Sunday, October 4, 2015

Reading and Parsing Data from Serial Ports

Read, Echo, Octal Dump and Serial Ports

Anyone who tried to parse data from a serial port in a Bash script will have run into trouble really quickly.  This post explores a few different methods.
Some people prefer using minicom and expect, others just want to read a prompt from an embedded target such as an Arduino and and send it a file without spending too much time on learning new tricks.  The best way to do it is the way that works for you!

Rather than fighting with an actual serial port (/dev/ttyUSB0), these examples use echo and pipes to send binary and ASCII data to a parsing utility to show what it does and how to use it.

In a nut shell, if you need to parse human readable ASCII data, use read.  If you have to parse unreadable binary data, use od or head.  Read has a built-in timeout that you can use to keep it from getting stuck waiting forever.  The others, you have to kill with a timer when something goes wrong.

This example uses echo to print out binary data to a pipe or a serial port. Here shown with octal dump (od) to make the binary visible on screen:
$ echo -en "\x02\x05\x00\x01\x02\x0a\x0b\x0d\x0e" | od -tx1

0000000    02  05  00  01  02  0a  0b  0d  0e                            

Reading a number of data bytes with head works, but it doesn’t have a built-in timeout feature:

$ echo -en "\x40\x41\x00\x42\x01\x02\x0a\x0b\x0d\x0e\x0f\x00\x01\x02\x03\x41" | head -c5 | od -tx1
0000000    40  41  00  42  01                                            

Reading a few data bytes directly with Octal Dump works, but it also has no built-in  timeout:
$ echo -en "\x40\x41\x00\x42\x01\x02\x0a\x0b\x0d\x0e\x0f\x00\x01\x02\x03\x41" | od -N5 -tx1

0000000    40  41  00  42  01                                            

Using read in a while loop on a mix of binary and ASCII data with od for debugging shows the following funky behaviour:
#! /bin/bash
while read -t1 -n1 CHAR; do
echo $CHAR | od -tx1
done < <(echo -en "\x02\x05\x00\x41\x42\x02\x0d\x0a\x43")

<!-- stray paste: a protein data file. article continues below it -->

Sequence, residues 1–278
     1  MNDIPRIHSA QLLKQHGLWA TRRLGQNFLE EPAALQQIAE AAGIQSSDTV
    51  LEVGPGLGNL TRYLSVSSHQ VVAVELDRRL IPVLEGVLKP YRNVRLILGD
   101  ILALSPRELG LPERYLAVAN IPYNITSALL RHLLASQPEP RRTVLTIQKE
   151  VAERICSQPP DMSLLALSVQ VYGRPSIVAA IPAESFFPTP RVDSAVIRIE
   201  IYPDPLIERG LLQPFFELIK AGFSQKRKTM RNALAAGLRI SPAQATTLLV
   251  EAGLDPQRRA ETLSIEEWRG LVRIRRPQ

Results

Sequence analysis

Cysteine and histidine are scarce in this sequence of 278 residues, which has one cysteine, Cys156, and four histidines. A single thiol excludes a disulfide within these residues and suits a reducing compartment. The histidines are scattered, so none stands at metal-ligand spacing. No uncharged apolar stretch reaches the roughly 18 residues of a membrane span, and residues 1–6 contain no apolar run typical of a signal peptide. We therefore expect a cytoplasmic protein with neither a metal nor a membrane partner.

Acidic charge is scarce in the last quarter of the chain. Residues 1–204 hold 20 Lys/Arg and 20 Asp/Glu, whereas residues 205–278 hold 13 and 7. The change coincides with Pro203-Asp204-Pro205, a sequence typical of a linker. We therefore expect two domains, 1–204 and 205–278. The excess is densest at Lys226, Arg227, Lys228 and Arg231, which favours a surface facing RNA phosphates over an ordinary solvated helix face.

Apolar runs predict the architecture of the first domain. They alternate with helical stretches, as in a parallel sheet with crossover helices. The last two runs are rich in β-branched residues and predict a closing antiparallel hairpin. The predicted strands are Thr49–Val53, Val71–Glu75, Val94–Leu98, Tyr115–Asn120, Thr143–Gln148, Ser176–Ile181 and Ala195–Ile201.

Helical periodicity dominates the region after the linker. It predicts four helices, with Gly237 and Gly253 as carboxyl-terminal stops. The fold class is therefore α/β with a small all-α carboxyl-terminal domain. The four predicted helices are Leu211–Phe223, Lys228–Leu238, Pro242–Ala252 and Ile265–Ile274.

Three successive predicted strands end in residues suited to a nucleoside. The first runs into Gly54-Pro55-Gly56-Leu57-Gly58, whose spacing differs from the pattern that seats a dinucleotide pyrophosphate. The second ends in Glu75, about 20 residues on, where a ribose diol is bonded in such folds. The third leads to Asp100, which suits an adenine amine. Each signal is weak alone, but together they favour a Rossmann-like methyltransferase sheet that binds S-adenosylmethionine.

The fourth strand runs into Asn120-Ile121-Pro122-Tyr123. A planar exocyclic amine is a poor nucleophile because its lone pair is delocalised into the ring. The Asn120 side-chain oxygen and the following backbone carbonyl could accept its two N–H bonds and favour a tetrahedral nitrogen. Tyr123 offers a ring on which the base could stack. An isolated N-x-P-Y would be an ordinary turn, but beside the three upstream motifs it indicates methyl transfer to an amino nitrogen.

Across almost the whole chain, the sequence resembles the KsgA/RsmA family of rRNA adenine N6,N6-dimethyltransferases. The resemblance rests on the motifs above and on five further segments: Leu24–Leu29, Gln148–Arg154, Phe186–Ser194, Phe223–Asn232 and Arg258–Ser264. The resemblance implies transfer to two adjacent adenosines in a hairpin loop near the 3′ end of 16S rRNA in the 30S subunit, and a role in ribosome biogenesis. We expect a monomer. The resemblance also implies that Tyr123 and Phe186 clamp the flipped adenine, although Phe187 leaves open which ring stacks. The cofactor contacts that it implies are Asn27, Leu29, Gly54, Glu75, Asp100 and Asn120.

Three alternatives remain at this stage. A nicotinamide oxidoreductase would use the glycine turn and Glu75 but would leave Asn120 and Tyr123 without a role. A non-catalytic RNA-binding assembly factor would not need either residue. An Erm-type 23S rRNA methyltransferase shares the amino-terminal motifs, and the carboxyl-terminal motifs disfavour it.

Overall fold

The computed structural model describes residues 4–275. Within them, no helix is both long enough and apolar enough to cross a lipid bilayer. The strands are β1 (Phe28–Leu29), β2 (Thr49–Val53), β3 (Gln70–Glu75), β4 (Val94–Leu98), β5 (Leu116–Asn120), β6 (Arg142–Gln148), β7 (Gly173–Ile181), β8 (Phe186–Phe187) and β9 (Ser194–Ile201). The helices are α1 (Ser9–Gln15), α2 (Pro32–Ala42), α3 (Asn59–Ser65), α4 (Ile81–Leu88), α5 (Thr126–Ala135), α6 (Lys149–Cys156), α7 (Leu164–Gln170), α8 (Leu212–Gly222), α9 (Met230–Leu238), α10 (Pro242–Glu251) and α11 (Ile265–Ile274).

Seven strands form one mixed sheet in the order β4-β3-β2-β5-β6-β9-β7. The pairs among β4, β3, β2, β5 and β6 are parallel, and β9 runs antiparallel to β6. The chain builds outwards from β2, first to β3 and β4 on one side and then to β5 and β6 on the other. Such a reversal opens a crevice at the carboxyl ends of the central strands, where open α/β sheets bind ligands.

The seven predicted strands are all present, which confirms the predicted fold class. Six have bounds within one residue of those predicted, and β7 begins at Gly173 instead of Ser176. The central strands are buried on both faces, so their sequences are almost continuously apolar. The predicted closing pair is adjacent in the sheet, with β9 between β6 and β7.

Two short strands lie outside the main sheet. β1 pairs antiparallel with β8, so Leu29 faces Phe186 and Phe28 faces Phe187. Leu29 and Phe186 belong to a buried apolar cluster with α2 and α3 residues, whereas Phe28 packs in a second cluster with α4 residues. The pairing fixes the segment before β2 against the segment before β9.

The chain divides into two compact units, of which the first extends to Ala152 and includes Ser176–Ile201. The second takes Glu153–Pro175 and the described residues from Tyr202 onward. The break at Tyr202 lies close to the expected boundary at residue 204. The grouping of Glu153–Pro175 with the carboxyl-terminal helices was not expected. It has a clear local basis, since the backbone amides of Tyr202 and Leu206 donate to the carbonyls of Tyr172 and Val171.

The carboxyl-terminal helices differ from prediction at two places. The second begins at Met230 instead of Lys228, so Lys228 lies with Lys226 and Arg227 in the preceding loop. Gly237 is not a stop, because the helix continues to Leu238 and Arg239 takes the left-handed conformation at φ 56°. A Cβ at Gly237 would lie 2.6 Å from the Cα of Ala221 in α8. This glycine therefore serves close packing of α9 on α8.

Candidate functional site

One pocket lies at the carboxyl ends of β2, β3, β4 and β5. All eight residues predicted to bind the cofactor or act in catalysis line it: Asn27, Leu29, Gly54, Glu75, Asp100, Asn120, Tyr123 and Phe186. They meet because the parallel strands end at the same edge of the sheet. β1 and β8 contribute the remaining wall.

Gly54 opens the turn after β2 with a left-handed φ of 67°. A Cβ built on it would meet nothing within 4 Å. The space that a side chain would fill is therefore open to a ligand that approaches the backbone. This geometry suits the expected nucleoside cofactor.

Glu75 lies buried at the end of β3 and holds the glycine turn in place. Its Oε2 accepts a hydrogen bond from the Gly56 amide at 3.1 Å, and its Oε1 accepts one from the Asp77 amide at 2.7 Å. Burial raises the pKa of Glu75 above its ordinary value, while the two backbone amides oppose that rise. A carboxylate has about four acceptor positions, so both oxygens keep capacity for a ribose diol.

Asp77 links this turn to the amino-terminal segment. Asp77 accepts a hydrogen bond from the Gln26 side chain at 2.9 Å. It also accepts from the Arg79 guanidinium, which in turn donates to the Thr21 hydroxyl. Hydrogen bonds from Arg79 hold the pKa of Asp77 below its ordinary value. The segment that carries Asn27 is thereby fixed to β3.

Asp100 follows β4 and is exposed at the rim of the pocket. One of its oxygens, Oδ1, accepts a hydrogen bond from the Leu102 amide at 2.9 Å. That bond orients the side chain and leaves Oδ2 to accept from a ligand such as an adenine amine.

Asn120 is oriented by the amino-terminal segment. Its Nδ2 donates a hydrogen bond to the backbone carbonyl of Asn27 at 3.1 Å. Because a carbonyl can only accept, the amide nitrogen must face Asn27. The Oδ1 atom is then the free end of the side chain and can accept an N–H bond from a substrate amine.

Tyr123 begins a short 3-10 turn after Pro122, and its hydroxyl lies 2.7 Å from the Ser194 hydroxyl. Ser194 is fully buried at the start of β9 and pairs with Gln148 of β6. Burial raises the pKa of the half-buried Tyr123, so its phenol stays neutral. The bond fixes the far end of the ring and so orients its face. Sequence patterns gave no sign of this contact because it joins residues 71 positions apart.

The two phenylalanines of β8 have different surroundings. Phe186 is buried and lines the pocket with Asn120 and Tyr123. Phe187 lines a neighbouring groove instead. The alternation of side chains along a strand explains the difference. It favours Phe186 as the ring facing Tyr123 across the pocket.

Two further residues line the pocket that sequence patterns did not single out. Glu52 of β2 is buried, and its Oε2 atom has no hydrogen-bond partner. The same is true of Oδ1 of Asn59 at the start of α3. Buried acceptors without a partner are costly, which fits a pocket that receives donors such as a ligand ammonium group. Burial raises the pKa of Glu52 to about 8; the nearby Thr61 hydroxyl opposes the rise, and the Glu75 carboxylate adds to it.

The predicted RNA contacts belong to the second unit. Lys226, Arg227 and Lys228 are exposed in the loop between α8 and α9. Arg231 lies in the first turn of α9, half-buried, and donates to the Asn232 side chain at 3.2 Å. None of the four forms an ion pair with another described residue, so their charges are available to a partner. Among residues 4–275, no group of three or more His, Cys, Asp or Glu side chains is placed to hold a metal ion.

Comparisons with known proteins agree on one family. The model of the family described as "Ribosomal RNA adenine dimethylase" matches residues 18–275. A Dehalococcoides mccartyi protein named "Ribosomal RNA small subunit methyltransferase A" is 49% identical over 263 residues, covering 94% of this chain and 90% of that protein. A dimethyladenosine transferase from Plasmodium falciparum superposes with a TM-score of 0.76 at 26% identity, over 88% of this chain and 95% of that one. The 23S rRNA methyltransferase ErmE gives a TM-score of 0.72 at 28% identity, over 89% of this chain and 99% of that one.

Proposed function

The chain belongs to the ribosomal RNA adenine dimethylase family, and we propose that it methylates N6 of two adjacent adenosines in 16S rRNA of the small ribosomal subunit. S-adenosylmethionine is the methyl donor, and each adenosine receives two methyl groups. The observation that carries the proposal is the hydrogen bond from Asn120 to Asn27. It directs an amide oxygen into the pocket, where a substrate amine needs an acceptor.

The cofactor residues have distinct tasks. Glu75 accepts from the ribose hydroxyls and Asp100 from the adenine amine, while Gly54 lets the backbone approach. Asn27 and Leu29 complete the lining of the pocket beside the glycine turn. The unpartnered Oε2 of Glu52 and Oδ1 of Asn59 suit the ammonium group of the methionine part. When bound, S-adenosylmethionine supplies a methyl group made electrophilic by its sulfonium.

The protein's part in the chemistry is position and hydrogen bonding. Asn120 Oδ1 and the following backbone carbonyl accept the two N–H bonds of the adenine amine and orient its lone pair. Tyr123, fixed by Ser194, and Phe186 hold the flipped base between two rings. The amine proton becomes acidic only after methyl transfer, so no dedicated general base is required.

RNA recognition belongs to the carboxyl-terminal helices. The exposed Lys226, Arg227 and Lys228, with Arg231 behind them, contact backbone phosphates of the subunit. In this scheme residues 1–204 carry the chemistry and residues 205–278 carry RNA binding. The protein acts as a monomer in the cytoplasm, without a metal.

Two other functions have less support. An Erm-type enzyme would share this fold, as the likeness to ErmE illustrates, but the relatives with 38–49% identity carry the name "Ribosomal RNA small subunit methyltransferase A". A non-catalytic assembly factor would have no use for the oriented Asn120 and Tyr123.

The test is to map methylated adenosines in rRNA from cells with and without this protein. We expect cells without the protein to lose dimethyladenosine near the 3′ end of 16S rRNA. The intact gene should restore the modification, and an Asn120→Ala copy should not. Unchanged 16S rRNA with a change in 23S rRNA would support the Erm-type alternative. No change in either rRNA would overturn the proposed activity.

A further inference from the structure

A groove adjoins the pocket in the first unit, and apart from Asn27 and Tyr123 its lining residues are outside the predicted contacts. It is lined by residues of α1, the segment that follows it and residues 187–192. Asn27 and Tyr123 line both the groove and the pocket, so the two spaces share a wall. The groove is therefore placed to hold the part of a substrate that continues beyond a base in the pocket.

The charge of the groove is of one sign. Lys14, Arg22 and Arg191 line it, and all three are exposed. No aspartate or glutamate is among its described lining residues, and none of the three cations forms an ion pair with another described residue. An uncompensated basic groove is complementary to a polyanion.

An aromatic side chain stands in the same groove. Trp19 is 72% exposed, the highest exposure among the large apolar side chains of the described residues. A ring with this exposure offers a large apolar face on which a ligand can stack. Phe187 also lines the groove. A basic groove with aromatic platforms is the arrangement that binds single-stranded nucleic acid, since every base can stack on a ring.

0000000    02  0a                                                        
0000000    05  0a                                                        
0000000    0a                                                            
0000000    41  0a                                                        
0000000    42  0a                                                        
0000000    02  0a                                                        
0000000    0d  0a                                                        
0000000    0a                                                            
0000000    43  0a                                                        
So the 00H and 0AH gets absorbed as delimiters and a new 0AH added at the end of each token.

The 00H is especially bad to read and causes a reset from which it only recovers at the next 0AH, unless n=1.

Therefore, use od or dd or even head, to parse binary data and use read for human readable ASCII data.

This works OK with read:
#! /bin/bash
while read -r -t1 ; do
echo $REPLY | od -tx1
echo $REPLY
done < <(echo -en "\x02\x05\x01NO CARRIER\x0d\x0aOK\x0d\x0a\x40”)
0000000    02  05  01  4e  4f  20  43  41  52  52  49  45  52  0d  0a    
0000000    4f  4b  0d  0a                                                

So read will parse ASCII tokens from garbage, provided that the garbage doesn’t contain 00H.

Here is an example to read binary data and put it in a file, with od and an error timeout:
#! /bin/bash
# Read 20 bytes with a 1 second error timeout
od -N20 -tx1 < <( echo -en "\x02\x05\x00\x01\x02\x03\x04\x0d\x0a" ) > /tmp/data.txt &
echo "PID=$PID"
sleep 1
kill $PID
cat /tmp/data.txt
0000000    02  05  00  01  02  03  04  0d  0a                            

In this case, od will either finish reading the data, or get killed  when the sleep times out, so your script will not hang if the other side is dead.
For working with actual serial ports, it is important to use raw mode (turn buffering off):
echo "Set serial port USB0 to 9600N81"
stty -F /dev/ttyUSB0 raw
stty -F /dev/ttyUSB0 9600

La voila!


Monday, September 21, 2015

Zenity Progress Dialogue

Zenity is a nice and simple way to prettify Bash scripts, similar to kdialog, xdialog and a few others, but on the whole I think the best of the lot.  Though there is nothing preventing you from mixing them up if one has a feature that would be more useful for something.

I started using Zenity years ago, when there wasn't much documentation and consequently didn't use the progress dialogue the right way.  The result being that some scripts eventually broke.  For example, there was no information on how to make the progress bar progress - so I only used the whirr-whirr pulsate effect.

No Progress

In the past, I simply started a pulsater, pushed it into the background, saved the PID and later killed it when necessary, like this:

zenity --progress &
echo "Do something"
kill $PID

That used to worked fine, but recently on Fedora 22, it just sits there and does nothing.  It won't even blink.  Dead as a doornail.  Bah, humbug...